Investors in Tesla bonds, options show skepticism about buy-out

gambling on the take-private deal described by Chief Executive Elon Musk will not become a reality.

Like the share price, Tesla's bonds suspended all profits they made after Musk shocked investors with a tweet on 7 August, saying that he had "secured funding" for a possible buyout deal of $ 420 per share.

This suggests that the credit market has reduced the chances of a deal, and data showed that activity on the stock option market also indicates that these investors are also skeptical.

Tesla's high-yield debts fluctuate around 87.5 cents against the dollar, against 93.0 cents on 7 August, according to data from Thomson Reuters. The Tesla convertible bonds that expire in 2021, trade around 107.20 cents on the dollar, against 120.46 cents on the dollar on 7 August.

Convertible bonds give bondholders the right to trade their debt for equity after shares rise above a certain price.

Bondholders are fully repaid in the event of a buy-out – 101 cents on the dollar for the junk bond that will expire in 2025 if certain conditions are met. The longer-term convertible debt of the company would earn an extra premium above par if Tesla was taken privately.

"The smart trade at the moment is to keep the converts short and the high yield bonds going long, because that spread will collapse" in case Tesla filed for bankruptcy, said Lawrence McDonald, founder of the Bear Traps Report.

McDonald believes that bankruptcy is the path for Tesla if it does not find a buyer because of its high leverage compared to earnings before interest, taxes, depreciation and amortization.

A Tesla spokesman declined to comment. Musk said in his second quarterly letter from shareholders that the company can be profitable from the third quarter onwards.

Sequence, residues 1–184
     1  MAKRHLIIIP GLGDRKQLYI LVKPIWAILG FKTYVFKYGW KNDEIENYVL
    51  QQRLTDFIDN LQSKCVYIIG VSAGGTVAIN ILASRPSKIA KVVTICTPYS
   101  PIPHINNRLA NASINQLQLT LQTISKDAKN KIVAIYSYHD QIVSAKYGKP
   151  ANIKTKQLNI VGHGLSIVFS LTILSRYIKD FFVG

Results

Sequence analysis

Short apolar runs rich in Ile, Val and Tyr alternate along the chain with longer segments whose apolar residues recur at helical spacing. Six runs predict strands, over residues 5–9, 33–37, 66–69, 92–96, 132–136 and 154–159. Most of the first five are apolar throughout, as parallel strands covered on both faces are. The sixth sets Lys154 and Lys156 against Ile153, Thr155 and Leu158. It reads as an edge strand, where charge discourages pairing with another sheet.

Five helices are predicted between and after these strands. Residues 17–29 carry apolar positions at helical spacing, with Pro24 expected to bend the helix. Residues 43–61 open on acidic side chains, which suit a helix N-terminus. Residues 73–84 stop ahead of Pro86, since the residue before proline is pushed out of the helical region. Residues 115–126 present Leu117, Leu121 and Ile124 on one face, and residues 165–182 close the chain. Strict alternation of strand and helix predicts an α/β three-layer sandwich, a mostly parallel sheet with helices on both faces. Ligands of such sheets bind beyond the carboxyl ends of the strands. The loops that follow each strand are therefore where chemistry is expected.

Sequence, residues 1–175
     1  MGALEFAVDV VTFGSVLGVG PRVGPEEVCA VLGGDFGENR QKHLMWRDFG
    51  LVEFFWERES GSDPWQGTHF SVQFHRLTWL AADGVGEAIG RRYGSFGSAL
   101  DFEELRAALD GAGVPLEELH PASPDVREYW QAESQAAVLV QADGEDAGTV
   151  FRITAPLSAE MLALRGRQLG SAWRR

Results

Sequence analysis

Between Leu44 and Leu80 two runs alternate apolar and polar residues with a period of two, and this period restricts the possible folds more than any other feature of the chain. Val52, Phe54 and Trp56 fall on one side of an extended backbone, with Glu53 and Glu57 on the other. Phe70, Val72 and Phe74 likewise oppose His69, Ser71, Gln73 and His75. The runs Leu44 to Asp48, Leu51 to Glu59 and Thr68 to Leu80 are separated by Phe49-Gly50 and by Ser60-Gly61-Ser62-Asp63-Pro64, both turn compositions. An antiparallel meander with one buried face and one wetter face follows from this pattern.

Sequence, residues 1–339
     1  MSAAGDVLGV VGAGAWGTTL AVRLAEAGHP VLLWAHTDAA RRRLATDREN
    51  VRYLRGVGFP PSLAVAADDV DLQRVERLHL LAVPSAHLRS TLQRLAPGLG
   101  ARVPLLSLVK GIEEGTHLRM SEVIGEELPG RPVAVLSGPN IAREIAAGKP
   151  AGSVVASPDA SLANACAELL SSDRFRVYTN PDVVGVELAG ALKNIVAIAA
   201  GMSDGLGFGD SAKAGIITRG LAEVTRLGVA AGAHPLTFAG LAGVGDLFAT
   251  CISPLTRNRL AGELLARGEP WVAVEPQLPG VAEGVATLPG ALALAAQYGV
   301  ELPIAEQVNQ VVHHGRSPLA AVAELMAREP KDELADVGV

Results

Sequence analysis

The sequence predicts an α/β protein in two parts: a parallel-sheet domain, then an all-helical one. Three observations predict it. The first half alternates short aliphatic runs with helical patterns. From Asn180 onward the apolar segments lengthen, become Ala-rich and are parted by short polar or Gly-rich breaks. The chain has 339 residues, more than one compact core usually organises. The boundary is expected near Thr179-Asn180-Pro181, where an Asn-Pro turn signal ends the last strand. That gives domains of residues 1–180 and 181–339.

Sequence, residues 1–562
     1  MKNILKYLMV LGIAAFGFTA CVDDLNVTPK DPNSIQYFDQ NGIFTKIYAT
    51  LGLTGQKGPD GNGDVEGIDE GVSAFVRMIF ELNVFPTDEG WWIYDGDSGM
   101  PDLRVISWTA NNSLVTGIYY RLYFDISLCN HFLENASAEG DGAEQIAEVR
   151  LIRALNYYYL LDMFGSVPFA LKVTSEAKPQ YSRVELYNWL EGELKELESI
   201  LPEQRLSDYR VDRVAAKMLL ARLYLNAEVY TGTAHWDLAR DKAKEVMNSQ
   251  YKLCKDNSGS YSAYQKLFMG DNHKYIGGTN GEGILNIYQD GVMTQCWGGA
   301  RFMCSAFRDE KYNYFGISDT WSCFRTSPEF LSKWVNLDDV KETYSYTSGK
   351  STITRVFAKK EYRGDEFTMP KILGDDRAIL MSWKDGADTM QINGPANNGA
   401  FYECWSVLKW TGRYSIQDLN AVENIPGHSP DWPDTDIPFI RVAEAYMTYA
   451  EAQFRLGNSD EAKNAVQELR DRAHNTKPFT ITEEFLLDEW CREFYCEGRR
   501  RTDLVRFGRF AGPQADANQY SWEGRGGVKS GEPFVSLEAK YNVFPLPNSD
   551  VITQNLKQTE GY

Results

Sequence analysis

Investors in Tesla have increased their stake on the convertible bonds. The short positions in the three converts have risen, from $ 38.14 million on August 6 to $ 49.47 million on August 16, according to IHS Markit.

Tesla's convertible bonds, which mature in 2021, trade around $ 107.20 on the dollar – about 20.8 cents shy of where they would trade if a deal for $ 420 was fully priced, "said Geoffrey Dancey, managing partner and portfolio manager. Cutler Capital Management.

"If these bonds were priced for an acquisition, they would trade a serious premium for the conversion value compared to when the deal was announced," Dancey said. "The convertibles certainly do not trade as if this company is privately accepted for $ 420 and they have never done that."

Long-term convertible bonds benefit from take-private deals, which give bondholders extra shares. With a deal of $ 420 per share, the convertible bond of 2021 would be 11 percent higher than the face value, or 11 percent more shares.

On the day of Musk's buyout tweet, the share price reached a 11 month high of $ 387.46, more than $ 27 above the conversion rate of 2021. The highest listing of 2021 on that day was 120.46 cent on the dollar.

The debt is now traded under the price prior to the deal tweet, as well as below the price before the solid second quarter profit on 1 August.


Traders in the US stock option market also seemed to doubt whether Musk could make up for its proposal, according to the option dates.

Data from the Chicago-based volatility and option data firm ORATS showed that traders had shown some confidence in the first instance, but that Musk might have closed a deal, the conviction was declined.

"Initially, option traders responded with a little faith, now there is disbelief," says Matt Amberson, founder of ORATS.

Discarding the impact of the gain on the implied volatility of a year's Tesla options, this measure of how many traders expect shares to move in the future will go back to where it was for the Musk tweet, data from ORATS .

If there were substantial expectations that the Tesla would become private in the near future, the volatility contained in these contracts would have decreased, Amberson said.

Tesla shares closed at $ 321.64 on Wednesday.

(Reporting by Kate Duguid and Saqib Iqbal Ahmed; Editing by Jennifer Ablan, Nick Zieminski and David Gregorio)

(This story is not edited by Business Standard staff and is automatically generated from a syndicated feed.)

Source link

Leave a Reply